Residents of Amarah said a British helicopter fired on houses in the city's Sadeq district, killing four civilians and destroying several houses. British officials denied that helicopters were used in the operation.
"There were helicopters circling the area, then they started firing," said Subeih Hassan, standing in front of his demolished house. Hassan's brother was killed in the attack.
Also killed in nearby houses were an 8-month-old child, a man in his 60s and a fourth man, according to local residents. At least eight people were wounded and a dozen buildings destroyed or damaged, according to the families whose homes were hit.
In Basra, 100 miles south of Amarah, three coalition soldiers were wounded when a large explosion occurred near a coalition convoy Sunday morning, Clooney said. Witnesses said the wounded soldiers were British.
The explosion in Baghdad occurred in a market in the Biyaa district in the west of the city when police tried to dismantle two bombs found in vendors' stalls, witnesses said. Four people were killed and 17 were wounded, according to the Health Ministry. U.S. troops sealed off the area.
"Is this the freedom that they want? People cut into pieces," witness Fadhil Farid cried. "What did we do wrong?"
Kimmitt said that 325 prisoners had been released from various detention centers over the past two weeks as the United States cuts the number of inmates to help improve conditions.
Elsewhere, a U.S. soldier from the 2nd Infantry Division's Stryker Brigade was killed and a soldier from the Army's Task Force Olympia was wounded Saturday in a mortar attack on a coalition base in the northern city of Mosul, the U.S. command said in a statement. A second Stryker Brigade soldier died in an "electrical accident," the command said.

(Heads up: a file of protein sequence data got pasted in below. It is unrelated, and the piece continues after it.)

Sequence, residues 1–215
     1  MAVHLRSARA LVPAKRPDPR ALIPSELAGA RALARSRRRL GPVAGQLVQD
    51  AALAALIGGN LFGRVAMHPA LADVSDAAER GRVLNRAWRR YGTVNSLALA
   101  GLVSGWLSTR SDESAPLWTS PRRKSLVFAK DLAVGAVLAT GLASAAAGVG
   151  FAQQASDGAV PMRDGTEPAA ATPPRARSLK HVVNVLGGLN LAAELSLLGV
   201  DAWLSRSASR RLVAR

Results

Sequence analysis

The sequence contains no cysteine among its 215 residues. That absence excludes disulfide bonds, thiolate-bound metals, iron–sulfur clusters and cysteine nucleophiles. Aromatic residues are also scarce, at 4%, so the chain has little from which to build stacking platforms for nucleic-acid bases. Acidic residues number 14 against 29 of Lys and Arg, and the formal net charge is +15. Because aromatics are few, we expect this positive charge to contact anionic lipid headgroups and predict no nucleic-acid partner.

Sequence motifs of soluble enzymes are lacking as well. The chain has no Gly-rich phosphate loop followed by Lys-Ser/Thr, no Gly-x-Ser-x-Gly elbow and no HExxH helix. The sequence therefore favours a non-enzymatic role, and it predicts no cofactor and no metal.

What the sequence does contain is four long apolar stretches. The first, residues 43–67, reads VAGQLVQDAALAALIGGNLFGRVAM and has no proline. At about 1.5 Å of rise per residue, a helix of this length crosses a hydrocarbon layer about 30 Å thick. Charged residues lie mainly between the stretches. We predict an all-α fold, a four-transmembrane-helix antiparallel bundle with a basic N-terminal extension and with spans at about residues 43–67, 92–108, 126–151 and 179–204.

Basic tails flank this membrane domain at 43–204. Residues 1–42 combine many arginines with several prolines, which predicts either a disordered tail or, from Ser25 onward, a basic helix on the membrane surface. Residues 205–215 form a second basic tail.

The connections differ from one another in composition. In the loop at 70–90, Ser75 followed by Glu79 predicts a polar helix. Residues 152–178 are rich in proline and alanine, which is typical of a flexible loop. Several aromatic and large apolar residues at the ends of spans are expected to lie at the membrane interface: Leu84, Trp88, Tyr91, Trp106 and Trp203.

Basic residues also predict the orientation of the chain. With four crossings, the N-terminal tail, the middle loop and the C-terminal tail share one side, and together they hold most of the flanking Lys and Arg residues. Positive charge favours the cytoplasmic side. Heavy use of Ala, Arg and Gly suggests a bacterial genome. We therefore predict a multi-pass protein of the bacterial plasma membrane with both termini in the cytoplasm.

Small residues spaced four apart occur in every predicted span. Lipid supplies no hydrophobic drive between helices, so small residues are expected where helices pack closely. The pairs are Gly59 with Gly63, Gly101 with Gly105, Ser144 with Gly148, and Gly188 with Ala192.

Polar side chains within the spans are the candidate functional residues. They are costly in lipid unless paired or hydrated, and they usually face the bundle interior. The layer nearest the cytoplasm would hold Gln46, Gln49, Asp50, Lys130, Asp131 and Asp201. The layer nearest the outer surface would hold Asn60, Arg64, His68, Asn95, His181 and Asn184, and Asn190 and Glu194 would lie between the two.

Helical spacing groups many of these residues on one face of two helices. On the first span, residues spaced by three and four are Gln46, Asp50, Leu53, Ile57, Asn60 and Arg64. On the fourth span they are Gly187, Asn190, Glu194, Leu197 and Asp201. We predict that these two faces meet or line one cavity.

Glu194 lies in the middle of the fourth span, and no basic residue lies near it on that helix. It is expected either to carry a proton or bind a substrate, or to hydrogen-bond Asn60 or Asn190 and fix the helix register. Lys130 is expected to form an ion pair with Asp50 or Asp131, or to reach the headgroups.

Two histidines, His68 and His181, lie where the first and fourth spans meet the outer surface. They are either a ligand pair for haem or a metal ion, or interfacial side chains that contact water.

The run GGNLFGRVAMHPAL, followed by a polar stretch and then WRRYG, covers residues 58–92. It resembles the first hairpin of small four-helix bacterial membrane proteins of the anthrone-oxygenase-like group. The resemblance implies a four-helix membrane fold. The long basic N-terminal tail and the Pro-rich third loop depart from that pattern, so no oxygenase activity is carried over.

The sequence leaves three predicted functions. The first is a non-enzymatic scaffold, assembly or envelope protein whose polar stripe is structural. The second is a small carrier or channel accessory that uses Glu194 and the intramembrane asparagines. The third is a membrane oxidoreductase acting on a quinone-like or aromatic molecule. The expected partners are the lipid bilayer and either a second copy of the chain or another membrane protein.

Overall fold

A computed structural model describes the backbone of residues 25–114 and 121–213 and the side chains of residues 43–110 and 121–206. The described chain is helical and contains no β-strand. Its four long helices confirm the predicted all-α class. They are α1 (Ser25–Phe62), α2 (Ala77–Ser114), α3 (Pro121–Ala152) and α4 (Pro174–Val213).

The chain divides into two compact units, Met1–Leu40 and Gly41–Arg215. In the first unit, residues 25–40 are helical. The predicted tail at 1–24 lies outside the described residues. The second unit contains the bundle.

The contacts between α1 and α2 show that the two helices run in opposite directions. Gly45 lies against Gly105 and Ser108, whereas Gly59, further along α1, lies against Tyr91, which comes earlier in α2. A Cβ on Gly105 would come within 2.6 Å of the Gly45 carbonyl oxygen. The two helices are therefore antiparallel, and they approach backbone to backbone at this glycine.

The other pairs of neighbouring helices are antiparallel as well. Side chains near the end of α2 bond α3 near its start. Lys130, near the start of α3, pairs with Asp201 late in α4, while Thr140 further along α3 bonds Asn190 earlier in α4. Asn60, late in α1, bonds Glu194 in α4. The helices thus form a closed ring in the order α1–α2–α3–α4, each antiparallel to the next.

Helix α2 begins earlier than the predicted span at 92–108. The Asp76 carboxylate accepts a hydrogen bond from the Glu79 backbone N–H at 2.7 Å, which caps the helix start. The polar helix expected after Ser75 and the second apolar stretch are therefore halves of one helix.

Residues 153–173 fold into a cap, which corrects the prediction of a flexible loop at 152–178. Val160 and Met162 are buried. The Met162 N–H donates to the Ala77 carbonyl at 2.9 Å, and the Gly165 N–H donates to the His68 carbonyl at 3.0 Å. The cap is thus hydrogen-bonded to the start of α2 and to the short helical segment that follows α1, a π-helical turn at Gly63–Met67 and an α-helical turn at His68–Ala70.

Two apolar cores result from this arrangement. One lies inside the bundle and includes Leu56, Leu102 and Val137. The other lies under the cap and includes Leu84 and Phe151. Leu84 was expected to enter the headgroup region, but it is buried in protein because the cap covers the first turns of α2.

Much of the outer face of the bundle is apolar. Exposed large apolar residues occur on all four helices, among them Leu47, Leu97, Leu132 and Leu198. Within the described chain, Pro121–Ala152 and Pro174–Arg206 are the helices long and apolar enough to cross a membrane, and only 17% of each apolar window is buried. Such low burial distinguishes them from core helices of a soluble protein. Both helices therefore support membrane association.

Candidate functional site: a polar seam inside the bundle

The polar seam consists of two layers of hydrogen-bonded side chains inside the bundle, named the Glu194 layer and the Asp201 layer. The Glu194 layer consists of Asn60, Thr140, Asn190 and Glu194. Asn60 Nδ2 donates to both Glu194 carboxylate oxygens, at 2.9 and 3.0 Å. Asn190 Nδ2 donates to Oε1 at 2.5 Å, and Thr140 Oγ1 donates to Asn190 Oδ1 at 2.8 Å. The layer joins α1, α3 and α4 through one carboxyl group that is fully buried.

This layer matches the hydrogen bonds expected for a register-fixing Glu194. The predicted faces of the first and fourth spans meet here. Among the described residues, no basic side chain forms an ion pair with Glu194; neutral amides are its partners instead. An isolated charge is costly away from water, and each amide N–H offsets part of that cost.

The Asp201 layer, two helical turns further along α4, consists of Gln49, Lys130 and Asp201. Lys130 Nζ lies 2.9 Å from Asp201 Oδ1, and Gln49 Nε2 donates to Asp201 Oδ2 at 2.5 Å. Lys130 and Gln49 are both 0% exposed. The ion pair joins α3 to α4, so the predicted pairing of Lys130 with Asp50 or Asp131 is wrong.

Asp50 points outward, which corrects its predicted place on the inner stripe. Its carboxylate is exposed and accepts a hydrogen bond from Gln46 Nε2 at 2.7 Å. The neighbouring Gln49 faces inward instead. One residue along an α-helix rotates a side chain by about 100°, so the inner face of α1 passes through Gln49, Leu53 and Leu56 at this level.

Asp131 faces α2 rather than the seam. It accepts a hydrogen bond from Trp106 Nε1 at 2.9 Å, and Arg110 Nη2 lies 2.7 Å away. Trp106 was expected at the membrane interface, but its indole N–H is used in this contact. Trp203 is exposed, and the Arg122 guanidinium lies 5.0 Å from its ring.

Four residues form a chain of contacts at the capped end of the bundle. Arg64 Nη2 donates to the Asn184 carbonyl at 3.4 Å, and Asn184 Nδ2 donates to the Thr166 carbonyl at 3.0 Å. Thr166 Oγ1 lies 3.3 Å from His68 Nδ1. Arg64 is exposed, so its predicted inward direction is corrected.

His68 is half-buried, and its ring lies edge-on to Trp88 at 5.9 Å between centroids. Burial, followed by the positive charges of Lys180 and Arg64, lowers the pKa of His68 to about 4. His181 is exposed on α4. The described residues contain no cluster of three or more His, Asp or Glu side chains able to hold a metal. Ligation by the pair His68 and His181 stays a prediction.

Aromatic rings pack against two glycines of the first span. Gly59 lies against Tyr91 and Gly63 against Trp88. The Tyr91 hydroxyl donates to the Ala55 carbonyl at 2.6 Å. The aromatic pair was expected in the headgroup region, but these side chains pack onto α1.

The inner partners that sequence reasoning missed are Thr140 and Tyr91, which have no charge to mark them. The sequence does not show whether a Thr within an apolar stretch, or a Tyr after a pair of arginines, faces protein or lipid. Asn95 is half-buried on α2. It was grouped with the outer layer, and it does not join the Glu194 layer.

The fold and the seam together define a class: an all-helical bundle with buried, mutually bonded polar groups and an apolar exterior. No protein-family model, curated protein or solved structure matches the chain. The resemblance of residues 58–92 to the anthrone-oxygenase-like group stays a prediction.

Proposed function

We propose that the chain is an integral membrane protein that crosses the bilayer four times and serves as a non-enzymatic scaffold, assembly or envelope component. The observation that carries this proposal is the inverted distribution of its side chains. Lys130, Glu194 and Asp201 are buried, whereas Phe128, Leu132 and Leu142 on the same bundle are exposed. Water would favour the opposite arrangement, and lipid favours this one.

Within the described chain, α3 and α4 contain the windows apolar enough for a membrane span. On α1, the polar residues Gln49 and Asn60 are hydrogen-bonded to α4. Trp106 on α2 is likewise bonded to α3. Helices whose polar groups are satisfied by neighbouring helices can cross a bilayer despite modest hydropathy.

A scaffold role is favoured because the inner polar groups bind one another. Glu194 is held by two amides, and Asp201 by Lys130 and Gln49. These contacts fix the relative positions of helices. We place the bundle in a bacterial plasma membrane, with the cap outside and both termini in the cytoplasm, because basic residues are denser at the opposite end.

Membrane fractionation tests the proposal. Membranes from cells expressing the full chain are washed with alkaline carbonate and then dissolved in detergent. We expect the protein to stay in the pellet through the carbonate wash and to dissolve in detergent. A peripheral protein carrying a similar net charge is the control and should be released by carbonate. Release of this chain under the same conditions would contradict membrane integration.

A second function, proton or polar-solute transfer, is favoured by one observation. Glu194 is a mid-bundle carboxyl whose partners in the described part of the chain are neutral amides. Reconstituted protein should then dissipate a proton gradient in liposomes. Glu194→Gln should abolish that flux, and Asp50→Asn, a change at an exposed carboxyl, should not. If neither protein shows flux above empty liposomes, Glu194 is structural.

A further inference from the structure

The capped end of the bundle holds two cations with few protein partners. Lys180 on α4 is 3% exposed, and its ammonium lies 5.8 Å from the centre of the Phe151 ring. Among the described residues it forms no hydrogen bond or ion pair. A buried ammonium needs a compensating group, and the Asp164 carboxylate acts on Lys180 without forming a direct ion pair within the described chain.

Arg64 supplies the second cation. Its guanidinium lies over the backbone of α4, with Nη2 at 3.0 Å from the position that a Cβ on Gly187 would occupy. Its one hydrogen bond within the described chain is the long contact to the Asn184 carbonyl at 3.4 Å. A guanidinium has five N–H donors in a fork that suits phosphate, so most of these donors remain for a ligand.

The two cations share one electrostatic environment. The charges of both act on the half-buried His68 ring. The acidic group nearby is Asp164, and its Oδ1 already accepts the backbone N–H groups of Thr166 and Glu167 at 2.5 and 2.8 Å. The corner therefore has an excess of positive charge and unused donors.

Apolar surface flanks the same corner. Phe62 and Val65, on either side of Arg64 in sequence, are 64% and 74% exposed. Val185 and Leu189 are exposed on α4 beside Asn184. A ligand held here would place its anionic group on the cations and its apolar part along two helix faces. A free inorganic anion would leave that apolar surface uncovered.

The latest deaths bring to 765 the number of U.S. service members who have died since the U.S.-led invasion in March 2003. Of those, 557 died as a result of hostile action and 208 died of non-hostile causes.
Coalition forces have moved carefully against al-Sadr, fearing that an overly aggressive assault in Shiism's holiest cities would outrage Iraq's Shiite majority. Al-Sadr is in his Najaf office, only yards away from the Imam Ali Shrine, surrounded by gunmen.
Instead of a direct assault, U.S. troops have been skirmishing with his al-Mahdi Army fighters in and around Najaf, trying to isolate him. "They are waging a psychological war," said Sheik Qais al-Khazali, senior al-Sadr spokesman in Najaf. "They are trying to turn it into a prolonged war, a war of attrition."
Late Saturday, planes dropped leaflets over Najaf, telling residents that coalition forces will "continue to work with Iraqis to defeat terrorism" after a new Iraqi government is installed on June 30. "This is the path to a shining future," the leaflets read.
Also Saturday, U.S. troops backed by tanks entered Karbala from two directions, blocking roads leading to the sacred Imam Hussein Shrine at the city center. Troops traded fire with al-Sadr gunmen, and two armored vehicles were in flames. The city was reported quiet on Sunday.